Tazria: Back to the Beginning

By: Rabbi Jay Kelman |

Perhaps there is no parsha less studied than Tazria (and its frequent partner, Metzora). With its focus on the detailed laws of tzara'at, a "disease" that we would have great difficulty defining or even recognizing were we to see it—and with its laws no longer applicable—many prefer to focus on the eight verses that open the parsha. These verses, detailing the laws of childbirth, follow on the heels of the laws pertaining to animals as outlined at the end of parshat Shmini.  

The order and juxtaposition of biblical events and mitzvoth is never a coincidence. Rashi notes that parshat Tazria parallels the creation story, in which G-d first created the animals and then followed with humans. At first glance, one would not think to connect Tazria with Breisheet.  

But upon closer examination, we immediately notice that the first two mitzvoth of the Torah—pru u’r’vu, the obligation to properly raise children, and the mitzvah of brit milah—both appear in our parsha. On a linguistic level, Rav Shimshon Raphael Hirsch notes that the term tazria, from the root zera (seed), appears in only one other place in the Torah. "G-d said: Let the earth sprout herbage yielding seeds (mazrai zera), and the earth brought forth vegetation: herbage yielding seed of its own kind" (Breisheet 1:11-12). 

Breisheet is the story of G-d's creation, whereas Tazria details the creation of man. In parshat Breisheet, man is passive and silent. While G-d blesses man and orders him to conquer the land and demonstrate dominion over all living creatures (Breisheet 1:28), man’s own voice is silent. Adam is put to sleep to allow for the creation of Eve. Even as he is placed in Gan Eden and eats from the forbidden fruit, the voice of man is not heard.  It is only after being confronted by G-d that Adam utters his first words: "I heard your voice in the Garden and I was afraid... so I hid" (3:10). Breisheet underscores the unbridgeable gap between man and G-d.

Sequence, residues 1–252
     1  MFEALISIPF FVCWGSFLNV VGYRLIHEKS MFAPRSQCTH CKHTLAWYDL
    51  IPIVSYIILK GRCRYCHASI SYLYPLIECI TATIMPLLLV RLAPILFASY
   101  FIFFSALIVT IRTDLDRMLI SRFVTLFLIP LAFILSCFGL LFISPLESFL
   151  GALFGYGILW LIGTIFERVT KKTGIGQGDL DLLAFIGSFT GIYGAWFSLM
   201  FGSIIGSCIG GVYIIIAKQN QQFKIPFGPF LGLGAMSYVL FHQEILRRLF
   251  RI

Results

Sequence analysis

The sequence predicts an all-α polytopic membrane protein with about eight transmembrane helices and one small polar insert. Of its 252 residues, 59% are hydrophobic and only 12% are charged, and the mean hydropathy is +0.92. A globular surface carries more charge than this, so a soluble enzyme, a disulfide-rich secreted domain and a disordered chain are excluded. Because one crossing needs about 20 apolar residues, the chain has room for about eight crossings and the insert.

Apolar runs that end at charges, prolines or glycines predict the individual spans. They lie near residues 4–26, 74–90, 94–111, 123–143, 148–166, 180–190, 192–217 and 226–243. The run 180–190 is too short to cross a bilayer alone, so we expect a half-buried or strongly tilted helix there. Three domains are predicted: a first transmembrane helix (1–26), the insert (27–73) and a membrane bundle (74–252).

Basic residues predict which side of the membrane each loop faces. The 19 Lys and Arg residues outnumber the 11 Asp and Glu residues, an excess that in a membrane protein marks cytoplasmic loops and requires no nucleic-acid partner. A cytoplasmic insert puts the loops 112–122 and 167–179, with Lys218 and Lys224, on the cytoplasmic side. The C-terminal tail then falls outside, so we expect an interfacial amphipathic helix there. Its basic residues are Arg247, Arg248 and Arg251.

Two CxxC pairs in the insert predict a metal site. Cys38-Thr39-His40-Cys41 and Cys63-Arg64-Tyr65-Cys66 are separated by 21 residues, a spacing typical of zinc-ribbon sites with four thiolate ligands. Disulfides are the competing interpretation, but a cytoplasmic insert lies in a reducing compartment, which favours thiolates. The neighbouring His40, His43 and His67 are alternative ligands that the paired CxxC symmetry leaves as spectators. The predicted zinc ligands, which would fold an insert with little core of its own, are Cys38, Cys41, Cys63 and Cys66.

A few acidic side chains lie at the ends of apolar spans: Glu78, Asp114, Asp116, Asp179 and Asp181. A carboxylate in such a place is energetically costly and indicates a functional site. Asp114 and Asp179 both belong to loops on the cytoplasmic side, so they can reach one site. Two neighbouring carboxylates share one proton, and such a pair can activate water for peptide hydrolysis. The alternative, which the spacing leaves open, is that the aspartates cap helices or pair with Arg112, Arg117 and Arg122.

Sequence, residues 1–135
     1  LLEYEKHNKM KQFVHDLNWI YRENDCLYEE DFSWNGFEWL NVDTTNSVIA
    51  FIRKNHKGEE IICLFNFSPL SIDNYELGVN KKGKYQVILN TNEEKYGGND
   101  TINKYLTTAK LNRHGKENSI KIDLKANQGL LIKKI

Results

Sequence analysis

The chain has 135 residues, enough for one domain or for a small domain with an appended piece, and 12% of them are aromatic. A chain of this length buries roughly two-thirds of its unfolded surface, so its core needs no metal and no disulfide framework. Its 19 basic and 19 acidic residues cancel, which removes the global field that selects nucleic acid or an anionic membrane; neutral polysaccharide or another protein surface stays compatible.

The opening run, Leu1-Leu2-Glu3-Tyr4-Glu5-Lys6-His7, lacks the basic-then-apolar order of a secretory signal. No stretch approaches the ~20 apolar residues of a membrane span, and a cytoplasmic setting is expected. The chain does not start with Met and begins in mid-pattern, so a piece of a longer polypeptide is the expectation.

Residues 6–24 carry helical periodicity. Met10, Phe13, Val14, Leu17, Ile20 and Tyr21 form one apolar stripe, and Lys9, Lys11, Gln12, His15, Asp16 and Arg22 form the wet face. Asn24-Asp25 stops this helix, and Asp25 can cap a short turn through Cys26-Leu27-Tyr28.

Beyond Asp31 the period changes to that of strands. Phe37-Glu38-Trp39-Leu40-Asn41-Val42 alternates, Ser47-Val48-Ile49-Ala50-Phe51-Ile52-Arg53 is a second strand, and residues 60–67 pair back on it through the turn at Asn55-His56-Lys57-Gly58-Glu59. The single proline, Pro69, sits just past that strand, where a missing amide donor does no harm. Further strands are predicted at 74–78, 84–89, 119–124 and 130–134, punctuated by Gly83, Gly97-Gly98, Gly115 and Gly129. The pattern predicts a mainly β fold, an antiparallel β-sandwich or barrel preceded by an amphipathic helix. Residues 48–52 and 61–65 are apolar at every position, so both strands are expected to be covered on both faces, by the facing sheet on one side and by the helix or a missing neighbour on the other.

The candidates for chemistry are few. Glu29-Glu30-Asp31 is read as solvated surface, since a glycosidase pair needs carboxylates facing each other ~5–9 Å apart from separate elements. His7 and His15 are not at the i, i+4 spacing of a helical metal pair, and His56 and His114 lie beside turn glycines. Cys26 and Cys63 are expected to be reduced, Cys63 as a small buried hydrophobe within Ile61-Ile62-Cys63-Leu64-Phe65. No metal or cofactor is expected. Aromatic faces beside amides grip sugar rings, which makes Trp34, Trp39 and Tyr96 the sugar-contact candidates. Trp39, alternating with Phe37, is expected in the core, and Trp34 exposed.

Nevertheless, Rav Soloveitchik often pointed out that the primary mitzvah of the Torah is to "imitate G-d". To paraphrase the Talmud, just as G-d creates worlds, so, too, man must create worlds. There is no greater act of creation than bringing a baby into this world, and it is most noteworthy that this is the first of the 613 mitzvoth. Whereas parshat Breisheet details the creations of G-d, parshat Tazria tells us the way man follows in the footsteps of G-d, using his tzelem Elokim to bring forth life.    

The number seven in Judaism represents the natural order, the creations of G-d. There are, for example, seven days of creation, seven years of the shmitah cycle, seven days of mourning when our souls return to G-d. The holiday of Pesach lasts for seven days because the Jews were passive during the Exodus story, relying on G-d's miracles. The slaughter of the Egyptian god by the Jewish people and subsequent placement of the blood on the doorposts—commemorated during Temple times by the offering of the paschal lamb—was to be done on a separate, and thus eighth day, with eight representing the initiative of man. Thus, a brit milah, man’s commitment to raise children in the covenant, would be performed on the eighth day. Sukkot, representing our willingness to enter a barren desert, lasts eight days; as does Chanukah, celebrating (as Maimonides points out in Hilchot Chanukah 4:1) our willingness to go to war to establish a Jewish state.   

By eating the forbidden fruit, Chava condemned all mothers to a fate that decreed, "with anguish you will give birth to children" (Breisheet 3:16). By having children nonetheless, one restarts the process of creation, enabling a child to form a covenant with G-d. In Gan Eden, man misused the power of speech by lying, equivocation, exaggeration, and blaming others; all faults rooted in Adam’s and Chava’s use of their mouths for improper eating. 

It is the ability to speak which many commentaries see as the defining feature of our tzelem Elokim. After a short few verses in parshat Tazria relating to creation, we have many, many verses detailing the laws of tzara'at. Our Sages saw tzara'at as a direct result of misusing speech. Just as man was banished from Gan Eden, the metzora is banished from the camp of Israel.  

Speech is a most powerful tool. The way we talk to G-d, to our children, our neighbours, our colleagues, our friends and even our enemies will determine our fate. Will we be banished from the presence of G-d, or will we merit living up to our tzelem Elokim